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length and will not meet up nicely resulting in a stepped joint. Hence the deck MUST be built square regardless of how square the pool is. This brings with it another problem in that it will mean that two ends will overhang the pool and two ends will be flush with the edge of the pool. If the pool is only slightly out of square, then it is not a problem because it won’t be seen. However if the pool is far out of square, then the overhang on the two sides becomes too big. If this is the case then opt for deck boards running all the same way or a gap filler must be placed between the join, so that the eye cannot pick up the difference in lengths of cut ends.

There was small walkway of 1.3m wide by about 4.5m long joining this pool deck to the other deck pictured alongside. There was a small step up to this deck which was enclosed with a balustrade.

So three different style decking systems were used which made it very interesting. One was a baton system on a slasto substrate, the other was a frame system as the walkway and the third was a joist and beam system which was suspended about 2m up.

Tomorrow we will continue sanding and then seal.

For a free no obligation quote, please call us on 082 496 5444, or use the form below. If you call please let me know you found my blog so I can track my marketing.

Wooden Pool Deck Built in Westville, Durban

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This wooden deck was built in Westville, Durban in September 2013. There are two sections to the wooden deck, one being the deck around the pool and the other being the deck above the pool where the water flows back into the pool and the pot plants are housed.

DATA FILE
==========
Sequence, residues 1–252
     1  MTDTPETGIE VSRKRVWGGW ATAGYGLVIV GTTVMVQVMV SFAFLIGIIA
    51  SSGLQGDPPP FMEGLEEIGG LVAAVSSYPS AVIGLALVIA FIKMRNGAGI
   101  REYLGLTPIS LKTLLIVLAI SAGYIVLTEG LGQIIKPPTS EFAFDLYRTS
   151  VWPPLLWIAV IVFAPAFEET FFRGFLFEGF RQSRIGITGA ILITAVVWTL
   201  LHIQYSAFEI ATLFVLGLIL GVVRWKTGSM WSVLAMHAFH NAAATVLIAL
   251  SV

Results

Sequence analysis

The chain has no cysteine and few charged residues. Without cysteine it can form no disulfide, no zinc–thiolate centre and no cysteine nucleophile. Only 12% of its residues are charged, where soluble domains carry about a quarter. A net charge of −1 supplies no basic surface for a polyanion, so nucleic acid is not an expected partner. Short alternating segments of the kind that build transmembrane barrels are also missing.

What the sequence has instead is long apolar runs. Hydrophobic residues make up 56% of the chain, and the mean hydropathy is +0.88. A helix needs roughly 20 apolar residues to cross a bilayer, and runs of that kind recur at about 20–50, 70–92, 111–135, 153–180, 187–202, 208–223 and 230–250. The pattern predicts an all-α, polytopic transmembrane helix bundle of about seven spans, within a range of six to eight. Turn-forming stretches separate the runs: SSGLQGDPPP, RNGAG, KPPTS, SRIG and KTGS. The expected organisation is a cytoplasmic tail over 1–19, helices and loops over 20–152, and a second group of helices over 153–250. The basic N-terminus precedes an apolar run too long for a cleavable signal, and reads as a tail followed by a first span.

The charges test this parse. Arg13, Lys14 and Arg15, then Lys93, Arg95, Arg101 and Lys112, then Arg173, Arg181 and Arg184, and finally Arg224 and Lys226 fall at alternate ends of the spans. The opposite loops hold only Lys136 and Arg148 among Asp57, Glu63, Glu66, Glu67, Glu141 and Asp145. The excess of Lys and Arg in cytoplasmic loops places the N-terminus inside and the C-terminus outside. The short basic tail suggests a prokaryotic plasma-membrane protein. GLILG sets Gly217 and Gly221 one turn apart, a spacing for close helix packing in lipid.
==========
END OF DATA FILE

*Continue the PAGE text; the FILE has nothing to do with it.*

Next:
One way of decking around a pool is to lay all the deck boards the same way. What this results in is two sides of the deck having end grain facing the water and the other two having face grain facing the water. Seeing as water likes to be absorbed through the end grain of wood, it makes sense to try to keep as much end grain away from the water as possible. This will slow down the rotting process to a large degree and you will get many more years use out of your deck. Besides, in my opinion, it looks better this way.

It is more time-consuming however because when you are laying the deck boards you need to run them to the corner at 45º. You also need to make sure that your joists or batons you have laid prior to laying your deck boards are exactly 45º because if this is out then the point in the deck surface where the boards meet will also not be 45º and will result in one side of the deck being wider than the other. So lay your joists very carefully to ensure this problem does not occur because having to re-do work a second time takes a lot longer than planning it correctly the first time. If the substructure is perfect, or near perfect,

then cutting the deck boards for the join will be easy as you can set the saw to 45º and cut. But check as you are going that it is not running out because a slight deviation in the joist will result in the cut needing to be a few degrees bigger or smaller than 45º. If need be shim the side of the joist to keep your join 45º.